Birds at Andrew Drynan Reserve

Birds seen and heard this morning at Andrew Drynan Reserve

This morning before breakfast  I conducted one of my regular birding walks around Andrew Drynan Reserve (just around the corner from the Araucaria property, and the site we usually use for our camping guests). I wanted to do this before school holidays started, and as had I hoped, the reserve was free from campers this morning.

Pacific_baza

The Pacific Baza used to be called a crested hawk.

Highlights for the morning included:

  • a Pacific baza being mobbed by a couple of very vocal spangled drongos
  • the calls of rose-crowned fruitdove from the forest (hadn’t seen them here since last summer)
  • the calls of a noisy pitta from the forest (only the second time in several months)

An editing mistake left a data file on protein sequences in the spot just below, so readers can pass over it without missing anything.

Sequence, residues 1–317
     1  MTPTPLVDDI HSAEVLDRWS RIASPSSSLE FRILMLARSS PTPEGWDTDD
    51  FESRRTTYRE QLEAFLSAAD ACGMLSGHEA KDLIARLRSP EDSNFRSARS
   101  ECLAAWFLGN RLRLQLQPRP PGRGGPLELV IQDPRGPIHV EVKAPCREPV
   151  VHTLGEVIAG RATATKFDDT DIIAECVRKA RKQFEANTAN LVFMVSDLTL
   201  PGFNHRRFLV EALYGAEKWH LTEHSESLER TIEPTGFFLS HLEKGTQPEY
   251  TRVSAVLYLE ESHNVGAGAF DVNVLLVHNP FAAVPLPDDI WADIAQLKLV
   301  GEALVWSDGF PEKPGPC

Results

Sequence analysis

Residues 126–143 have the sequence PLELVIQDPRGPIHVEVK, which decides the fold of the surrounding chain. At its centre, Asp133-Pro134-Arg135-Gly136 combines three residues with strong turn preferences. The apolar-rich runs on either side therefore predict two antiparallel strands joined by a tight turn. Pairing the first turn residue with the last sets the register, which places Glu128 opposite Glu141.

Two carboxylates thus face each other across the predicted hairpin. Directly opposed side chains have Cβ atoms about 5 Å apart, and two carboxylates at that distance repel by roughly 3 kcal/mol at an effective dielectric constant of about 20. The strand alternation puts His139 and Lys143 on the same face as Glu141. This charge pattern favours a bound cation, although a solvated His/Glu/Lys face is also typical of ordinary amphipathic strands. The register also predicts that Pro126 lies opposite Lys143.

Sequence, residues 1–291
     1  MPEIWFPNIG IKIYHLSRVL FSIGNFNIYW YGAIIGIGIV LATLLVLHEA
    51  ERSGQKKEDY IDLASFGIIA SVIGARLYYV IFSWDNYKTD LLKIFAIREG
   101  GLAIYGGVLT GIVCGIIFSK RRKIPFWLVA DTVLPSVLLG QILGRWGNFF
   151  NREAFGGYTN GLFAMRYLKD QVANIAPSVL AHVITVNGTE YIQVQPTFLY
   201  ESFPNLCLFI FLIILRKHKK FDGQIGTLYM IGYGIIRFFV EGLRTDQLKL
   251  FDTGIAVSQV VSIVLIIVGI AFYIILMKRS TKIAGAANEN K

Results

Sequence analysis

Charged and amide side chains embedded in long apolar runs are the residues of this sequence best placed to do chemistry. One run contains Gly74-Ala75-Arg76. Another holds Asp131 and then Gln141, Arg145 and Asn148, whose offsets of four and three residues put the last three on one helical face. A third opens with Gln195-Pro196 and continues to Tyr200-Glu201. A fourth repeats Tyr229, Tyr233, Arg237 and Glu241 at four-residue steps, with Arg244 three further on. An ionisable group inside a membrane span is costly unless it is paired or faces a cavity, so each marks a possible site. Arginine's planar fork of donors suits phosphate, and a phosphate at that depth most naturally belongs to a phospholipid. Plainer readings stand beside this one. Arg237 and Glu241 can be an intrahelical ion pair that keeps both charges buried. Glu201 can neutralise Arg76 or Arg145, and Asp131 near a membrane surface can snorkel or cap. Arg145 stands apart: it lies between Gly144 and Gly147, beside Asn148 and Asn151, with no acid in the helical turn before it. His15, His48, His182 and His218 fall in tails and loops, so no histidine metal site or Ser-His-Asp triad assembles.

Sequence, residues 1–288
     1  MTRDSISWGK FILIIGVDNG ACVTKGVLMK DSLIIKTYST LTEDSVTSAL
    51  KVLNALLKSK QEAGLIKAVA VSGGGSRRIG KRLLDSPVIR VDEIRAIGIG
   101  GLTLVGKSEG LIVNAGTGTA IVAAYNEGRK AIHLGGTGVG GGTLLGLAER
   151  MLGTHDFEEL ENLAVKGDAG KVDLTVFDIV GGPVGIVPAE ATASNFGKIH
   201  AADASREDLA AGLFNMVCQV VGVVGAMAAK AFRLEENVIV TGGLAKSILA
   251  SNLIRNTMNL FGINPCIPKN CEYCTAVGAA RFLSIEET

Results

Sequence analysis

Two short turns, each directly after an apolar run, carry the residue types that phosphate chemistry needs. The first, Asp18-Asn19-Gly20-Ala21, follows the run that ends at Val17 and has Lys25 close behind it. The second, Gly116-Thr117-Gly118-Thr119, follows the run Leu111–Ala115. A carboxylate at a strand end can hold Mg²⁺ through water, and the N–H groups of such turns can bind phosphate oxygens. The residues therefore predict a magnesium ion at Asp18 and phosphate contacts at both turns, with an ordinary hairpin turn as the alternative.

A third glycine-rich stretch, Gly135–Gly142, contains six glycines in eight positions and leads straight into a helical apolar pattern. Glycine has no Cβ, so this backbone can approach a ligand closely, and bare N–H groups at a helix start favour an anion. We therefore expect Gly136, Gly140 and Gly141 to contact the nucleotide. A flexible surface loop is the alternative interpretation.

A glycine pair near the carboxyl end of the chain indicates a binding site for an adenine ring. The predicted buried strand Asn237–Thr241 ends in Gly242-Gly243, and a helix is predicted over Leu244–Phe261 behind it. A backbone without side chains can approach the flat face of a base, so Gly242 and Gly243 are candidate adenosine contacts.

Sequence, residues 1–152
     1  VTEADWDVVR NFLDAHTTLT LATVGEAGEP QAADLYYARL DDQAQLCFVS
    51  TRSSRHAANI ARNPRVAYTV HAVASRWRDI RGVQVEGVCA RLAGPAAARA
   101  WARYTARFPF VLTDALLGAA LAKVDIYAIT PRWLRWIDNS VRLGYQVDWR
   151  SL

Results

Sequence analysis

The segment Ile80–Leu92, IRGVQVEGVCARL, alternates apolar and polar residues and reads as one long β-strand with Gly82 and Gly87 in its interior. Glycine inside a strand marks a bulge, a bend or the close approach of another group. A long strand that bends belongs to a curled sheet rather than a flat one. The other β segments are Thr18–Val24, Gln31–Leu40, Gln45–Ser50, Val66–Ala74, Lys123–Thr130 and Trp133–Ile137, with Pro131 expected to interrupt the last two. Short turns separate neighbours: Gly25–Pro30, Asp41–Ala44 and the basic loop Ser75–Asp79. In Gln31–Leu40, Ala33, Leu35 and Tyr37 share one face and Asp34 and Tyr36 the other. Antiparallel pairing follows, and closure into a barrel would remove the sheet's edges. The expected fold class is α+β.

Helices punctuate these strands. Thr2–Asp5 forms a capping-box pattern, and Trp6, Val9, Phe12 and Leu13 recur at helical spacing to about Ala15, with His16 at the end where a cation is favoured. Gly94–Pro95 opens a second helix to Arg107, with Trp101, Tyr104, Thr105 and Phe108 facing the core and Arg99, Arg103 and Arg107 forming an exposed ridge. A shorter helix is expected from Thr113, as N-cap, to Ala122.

• three eastern rosellas foraging on the grass of the campground (often see pale-headed, not so often the eastern

The baza used to be known as the crested hawk, which more immediately decribed it to those unfamiliar with the word ‘baza’.  The name change was to bring it into line with international naming, as there are other baza species in Asia, Africa and Madagascar. Unlike most hawks, they often forage amongst foliage, eating insects and small vertebrates.

Other birds seen or heard this morning included channel-billed cuckoo (very vocal!) masked lapwing, wonga pigeon, brush cuckoo, common koel, pheasant coucal, rainbow lorikeet, galah (flock of 15 in the camping area), laughing kookaburra,  Lewin’s honeyeater (eating fruit of the introduced lantana), noisy miner, olive-backed oriole, figbird, eastern whipbird, eastern yellow robin, Australian magpie, pied currawong and  Torresian crow

The campsite at Andrew Drynan Reserve, where our guests choosing the camping option stay on the 3-day wildlife overview tour

The campsite at Andrew Drynan Reserve, where our guests choosing the camping option stay on the 3-day wildlife overview tour

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